W. E. B. Du Bois, Booker T. Washington, and Richard Wright: Toward an Ecocriticism of Color

UNCP Author/Contributor (non-UNCP co-authors, if there are any, appear on document)
Dr. Scott Hicks, Associate Professor (Creator)
The University of North Carolina at Pembroke (UNCP )
Web Site: http://www.uncp.edu/academics/library

Abstract: Scholars working in the field of ecocriticism in American literary studies have come to see that their most important task in the coming years is to take up and engage the cultural productions of peoples of color, especially African Americans. Such a transformation entails exploring and theorizing not just African American fictionaland nonfictional narratives, but also African American critical and theoretical works that undergird and explicate other forms of cultural production. Currently, the forebearers of ecocriticism—“the study of literature as if the environment mattered”(Mazel 1)—seem to be an unassailable who’s who of American nature writing: Henry David Thoreau, Aldo Leopold, John Muir, and Rachel Carson. To this pantheon I herewould like to add a couple unlikely characters—W.E.B. Du Bois and Booker T. Washington. For as Kathleen Wallace and Karla Armbruster rightly point out, it now behooves literary critics to “question . . . why so few African American voices are recognized as part of nature writing and ecocriticism” (2).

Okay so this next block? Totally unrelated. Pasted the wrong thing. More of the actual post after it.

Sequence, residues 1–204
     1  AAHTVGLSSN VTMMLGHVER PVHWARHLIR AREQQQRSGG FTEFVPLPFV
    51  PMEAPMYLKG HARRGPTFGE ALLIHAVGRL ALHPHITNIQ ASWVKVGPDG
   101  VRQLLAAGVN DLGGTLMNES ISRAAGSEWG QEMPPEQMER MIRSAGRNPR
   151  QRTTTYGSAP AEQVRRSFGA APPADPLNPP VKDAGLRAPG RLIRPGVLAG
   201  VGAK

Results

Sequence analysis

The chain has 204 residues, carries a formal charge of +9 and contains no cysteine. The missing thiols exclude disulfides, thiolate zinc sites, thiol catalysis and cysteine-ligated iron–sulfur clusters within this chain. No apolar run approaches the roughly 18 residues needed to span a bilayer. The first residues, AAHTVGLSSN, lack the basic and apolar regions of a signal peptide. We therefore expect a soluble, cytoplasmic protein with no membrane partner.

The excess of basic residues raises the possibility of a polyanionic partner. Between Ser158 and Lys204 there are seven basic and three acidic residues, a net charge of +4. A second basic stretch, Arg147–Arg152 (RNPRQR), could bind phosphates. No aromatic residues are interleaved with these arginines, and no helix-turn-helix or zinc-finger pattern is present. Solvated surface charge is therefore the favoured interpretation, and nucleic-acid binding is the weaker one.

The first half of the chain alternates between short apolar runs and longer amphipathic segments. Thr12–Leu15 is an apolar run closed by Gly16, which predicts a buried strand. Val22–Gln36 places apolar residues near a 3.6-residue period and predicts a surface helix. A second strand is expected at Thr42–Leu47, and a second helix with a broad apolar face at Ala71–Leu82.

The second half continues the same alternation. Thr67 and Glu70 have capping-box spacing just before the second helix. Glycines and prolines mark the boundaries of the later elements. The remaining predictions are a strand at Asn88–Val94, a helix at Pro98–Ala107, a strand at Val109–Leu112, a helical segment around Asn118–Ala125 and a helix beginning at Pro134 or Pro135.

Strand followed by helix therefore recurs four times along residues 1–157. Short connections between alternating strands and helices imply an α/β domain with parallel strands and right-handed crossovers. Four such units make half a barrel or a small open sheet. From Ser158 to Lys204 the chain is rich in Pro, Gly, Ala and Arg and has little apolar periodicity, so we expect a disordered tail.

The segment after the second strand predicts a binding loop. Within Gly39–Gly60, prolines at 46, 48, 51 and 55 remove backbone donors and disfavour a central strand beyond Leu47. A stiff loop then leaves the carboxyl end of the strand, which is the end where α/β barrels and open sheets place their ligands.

Additional Information

Callaloo, Volume 29, Number 1, Winter 2006, pp. 202-222
Language: English
Date: 2006
Treatment of nature, Land, Relationship to Ecocriticism, Wright, Richard (1908-1960), Washington, Booker T.(1856-1915), Up from Slavery (1901)

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